Targeting al Qaeda and its Taliban hosts was part of the Bush Doctrine, a major innovation to existing US foreign policy. The Bush Doctrine emphasized that “any nation that continue[d] to harbor or support terrorism … [would be considered] a hostile regime,” and that preemptive strikes would be pursued unilaterally if multinational support could not be garnered. As a result, even though the Taliban had not been directly involved with 9/11, harboring UBL had elevated them to an enemy on par with al Qaeda. However, the Bush Doctrine presented a major contradiction to the President’s schemas on risk aversion. This was because its mastermind was not Bush, but Secretary of Defense Rumsfeld’s deputy, Paul Wolfowitz. According to Pentagon insiders, Wolfowitz was more avant-garde on matters of foreign policy, while Bush was inexperienced. This enabled him to take control of policy and “push the whole Bush team to the right,” while Rumsfeld was left free to pursue bureaucratic interests. Wolfowitz, who was a firm believer in the ‘Munich Script,’ believed that dictator of Iraq, Saddam Hussein could not be pacified. Therefore, to garner support for regime change, he portrayed him as a dangerous state sponsor of terrorism. Accordingly, the US would expand the GWOT into Iraq, despite being warned that doing so “would undercut the [actual] US counteroffensive against terrorism” in Afghanistan.
Despite its ineffectiveness, the Bush Administration would remain externally focused and would retain enemy-centric COIN due to selfish bureaucratic politics. Even though Rumsfeld and Wolfowitz had witnessed firsthand the failures of minimalist operations in Afghanistan, because they had developed personal ownership for the light footprint approach, admitting the need for a more intensive, internally focused approach would have been “an admission of personal fail[ure].” Subsequently, when confronted by dissenters who were subject matter experts, Rumsfeld and Wolfowitz were disingenuous and dismissive, labeling them as ill-informed. Therefore, to protect their own credibility and prestige, they refused to challenge pre-Afghanistan assumptions and update their externally focused approach to an internal one. Consequently, during the Iraq War, lacking an understanding of Iraqi domestic conditions, the Bush Administration practiced de-Ba’athification and disbanded the Iraqi Army, despite being advised that Iraqi government institutions should be kept intact, “because [they] could serve as a unifying force in a … highly diverse and fragmented society.” As a result, a vast pool of unemployed, humiliated and antagonized men would join insurgencies.
By adhering to the Bush Doctrine but remaining externally focused, the Bush Administration proclaimed an ambitious endstate but displayed an unwillingness to commit, creating a disconnect between discourse and reality. The origins of this discrepancy are most prominently illustrated by the Bush Doctrine’s legislative vehicle: The 2001 Authorization for the Use of Military Force (AUMF). The AUMF granted the President the authority to use force against those who “planned, authorized, committed, or aided” the terrorist attacks on 9/11. As opposed to a Congressionally ratified, traditional declaration of war, the ambiguous wording of the AUMF indicated that the Bush Administration was about to embark on a crusade against not just al Qaeda, but an entire belief system. Therefore, the GWOT would “not end with a signing ceremony on the [USS] Missouri,” but with the utter destruction of extremist ideologies. Accordingly, while the AUMF was designed to provide hardline retaliation towards terrorists, its ambitious, carte blanche nature clashed with the Bush Administration’s aversion towards protracted involvement, resulting in policy mismatch.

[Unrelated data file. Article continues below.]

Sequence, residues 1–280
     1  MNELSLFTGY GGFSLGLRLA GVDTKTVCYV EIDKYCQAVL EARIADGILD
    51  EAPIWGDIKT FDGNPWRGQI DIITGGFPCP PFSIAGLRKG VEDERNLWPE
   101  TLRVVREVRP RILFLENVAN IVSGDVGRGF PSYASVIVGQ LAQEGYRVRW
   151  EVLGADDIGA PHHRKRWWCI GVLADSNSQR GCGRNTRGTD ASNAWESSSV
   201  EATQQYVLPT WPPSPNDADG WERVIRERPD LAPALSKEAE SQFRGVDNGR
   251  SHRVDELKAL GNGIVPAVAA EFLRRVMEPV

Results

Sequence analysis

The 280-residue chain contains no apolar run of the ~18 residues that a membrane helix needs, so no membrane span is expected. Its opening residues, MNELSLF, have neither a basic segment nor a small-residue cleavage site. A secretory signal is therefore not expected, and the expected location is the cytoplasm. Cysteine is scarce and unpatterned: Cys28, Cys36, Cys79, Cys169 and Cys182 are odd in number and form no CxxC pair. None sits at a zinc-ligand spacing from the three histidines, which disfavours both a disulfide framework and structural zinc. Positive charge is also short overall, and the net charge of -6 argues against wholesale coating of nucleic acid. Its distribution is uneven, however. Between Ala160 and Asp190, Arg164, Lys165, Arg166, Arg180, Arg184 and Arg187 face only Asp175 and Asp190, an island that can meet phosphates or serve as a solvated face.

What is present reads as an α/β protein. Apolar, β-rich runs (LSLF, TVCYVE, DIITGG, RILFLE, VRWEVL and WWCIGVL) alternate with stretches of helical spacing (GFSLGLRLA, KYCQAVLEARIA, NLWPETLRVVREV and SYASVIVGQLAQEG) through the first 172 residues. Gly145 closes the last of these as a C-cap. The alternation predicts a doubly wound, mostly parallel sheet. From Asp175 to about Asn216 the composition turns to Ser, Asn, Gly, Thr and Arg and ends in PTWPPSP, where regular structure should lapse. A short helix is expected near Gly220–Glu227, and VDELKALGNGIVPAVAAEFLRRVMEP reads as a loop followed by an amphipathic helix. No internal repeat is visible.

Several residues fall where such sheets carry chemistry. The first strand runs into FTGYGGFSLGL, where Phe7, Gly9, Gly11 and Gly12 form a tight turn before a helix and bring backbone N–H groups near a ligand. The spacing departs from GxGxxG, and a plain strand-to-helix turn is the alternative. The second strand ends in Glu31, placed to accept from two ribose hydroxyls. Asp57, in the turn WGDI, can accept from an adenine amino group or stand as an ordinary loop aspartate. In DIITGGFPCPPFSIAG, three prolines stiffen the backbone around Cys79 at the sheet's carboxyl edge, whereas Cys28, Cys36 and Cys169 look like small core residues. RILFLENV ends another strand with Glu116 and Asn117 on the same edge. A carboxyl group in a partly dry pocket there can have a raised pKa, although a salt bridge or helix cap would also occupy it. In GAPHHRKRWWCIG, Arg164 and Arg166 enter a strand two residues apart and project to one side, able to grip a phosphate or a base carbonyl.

In sum, the Bush Administration’s approach to the GWOT was contradictory and shortsighted. It attempted to juggle an aversion to protracted involvement, with an ambitious goal that would require a lasting commitment. What resulted was an enemy-centric approach that neglected domestic considerations and fueled destabilization. Foreign Area Officer, Gregory Roberts, maintains that “an open-ended goal necessitates an open-ended commitment.” Simply put, having proclaimed an ambitious goal, leaders must work towards that goal without limitation. Conversely, if there are second thoughts, a definitive policy update must be issued, lest ambiguity be generated. If a policy update is not disseminated, bureaucrats cannot form a unified strategy and may pursue organizational and personal interests instead. The Bush Administration never released a strategic update, and as a result, mixed messages prevented progress because “everyone was just thinking in terms of what [they] could do in the short term” to better organizational and personal standing.
By 2008, the American public, which was war-weary but reluctant to admit defeat in the GWOT, led the Obama Administration to combine a hard deadline for withdrawal, with an internally focused surge in US efforts. Upon entering office, President Obama inherited a renewed insurgency in Afghanistan that was exacting increasing tolls on public opinion, as well as a conflict in Iraq, where plans were already underway for a hasty withdrawal. As a result, he took the drawdown in Iraq as a blessing, and was determined to refute the Bush Doctrine and refocus onto Afghanistan, a conflict he deemed “a war of necessity” that was true to the original mission of the GWOT. In a speech at West Point, President Obama remarked that under the Bush Administration, “commanders in Afghanistan [had] repeatedly asked for support … but these reinforcements” never arrived thanks to the amorphous nature of Bush foreign policy. However, because Obama was determined to counter the atrophy of reconstruction efforts; under his watch, the requested troop increase would be fulfilled, to support a new internally focused, population-centric COIN strategy of clear-hold-build and transfer.